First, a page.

Located at 91-93 Goldring Street in the centre of town, Kronosaurus Korner claims to be the best marine fossil museum in Australia. Certainly, because the Great Artesian Basin was a vast cretaceous-era inland sea which existed from about 97.5 to 120 million years ago and covered the land to a depth of 40 metres, the area around Richmond is rich with fossils which keep being discovered and dug up. The museum includes a theatrette presentation, there are hand-held audio guides and there is even advice on how visitors can find their own fossils.
The collection in Kronosaurus Korner includes such iconic finds as: In 1989 the skeleton of a 100-million-year-old Pliosaur was discovered near the town; the famous Kronosaurus queenslandicus was discovered at Army Downs north of Richmond in 1929 by a team of palaeontologists from Harvard University; and another fossil is the Richmond Pliosaur (known as Iever's crocodile), measuring 4.25 metres, with a long slender snout and interlocking teeth. These marine reptiles were fast swimmers feeding on fish and other aquatic animals. Other marine remnants include a 7 metre Plesiosaur known as Woolungasaurus (its remains indicate that it swallowed stones for ballast, as does the modern crocodile), the more shark-like Icthyosaurus (7 metres), a large turtle, fossilised squid, shellfish and other bony fish.
As well as marine fossils there are fossils of land dinosaurs. These include an 80% complete Ankylosaur called a Minmi paravertebra (it is considered the most complete dinosaur skeleton to be found in Australia) and a brachiosaur. The core of the building was the town's old Strand Theatre which looked more like a Nissan hut than a cinema. There is a very detailed website. Check out http://www.kronosauruskorner.com.au.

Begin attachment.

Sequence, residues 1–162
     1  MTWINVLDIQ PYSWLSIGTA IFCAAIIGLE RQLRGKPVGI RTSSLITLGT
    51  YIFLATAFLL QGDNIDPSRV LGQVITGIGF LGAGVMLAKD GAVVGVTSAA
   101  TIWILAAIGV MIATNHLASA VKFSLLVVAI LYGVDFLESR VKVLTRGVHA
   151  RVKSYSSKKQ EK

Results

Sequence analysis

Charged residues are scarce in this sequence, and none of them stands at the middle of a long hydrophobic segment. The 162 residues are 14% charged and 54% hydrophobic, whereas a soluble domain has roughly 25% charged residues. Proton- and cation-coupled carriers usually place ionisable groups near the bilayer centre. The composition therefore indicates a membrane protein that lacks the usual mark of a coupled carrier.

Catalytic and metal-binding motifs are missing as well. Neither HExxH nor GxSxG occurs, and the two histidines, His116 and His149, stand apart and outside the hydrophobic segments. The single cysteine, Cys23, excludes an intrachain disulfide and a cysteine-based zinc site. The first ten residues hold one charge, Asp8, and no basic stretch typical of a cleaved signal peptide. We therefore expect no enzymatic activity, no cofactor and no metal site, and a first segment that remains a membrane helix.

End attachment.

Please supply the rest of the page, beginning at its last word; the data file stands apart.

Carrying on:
Cambridge Downs Heritage Display Centre
Located in Goldring Street and open from 9.00 am - 4.00 pm daily is the Cambridge Downs Heritage Display Centre, a local flagstone replica of the Cambridge Downs Homestead which was built in the 1880s. It is an ideal place to learn about the history of the area over the past 150 years through an interesting collection of artefacts and records. The sign outside declares that it is the Cambridge Store.

Heritage Walk
Included in the town's excellent brochure (http://www.kronosauruskorner.com.au/documents/432361/3316773/You%27ll%20Dig%20Richmond%20Brochure.pdf) is a simple five block walk along Goldring Street which identifies 21 historic places of interest - some are still intact, others are little more than memories. It starts just beyond the Lions Park and continues past the Cambridge Downs ruins to the Yong Gee Store and then back up the main street to Dead Man Island. Check it out on Page 9 of the brochure. Strangely the walk does not include the Roman Catholic Church or the Moon Rocks Monument in Jack Brown Lions Park.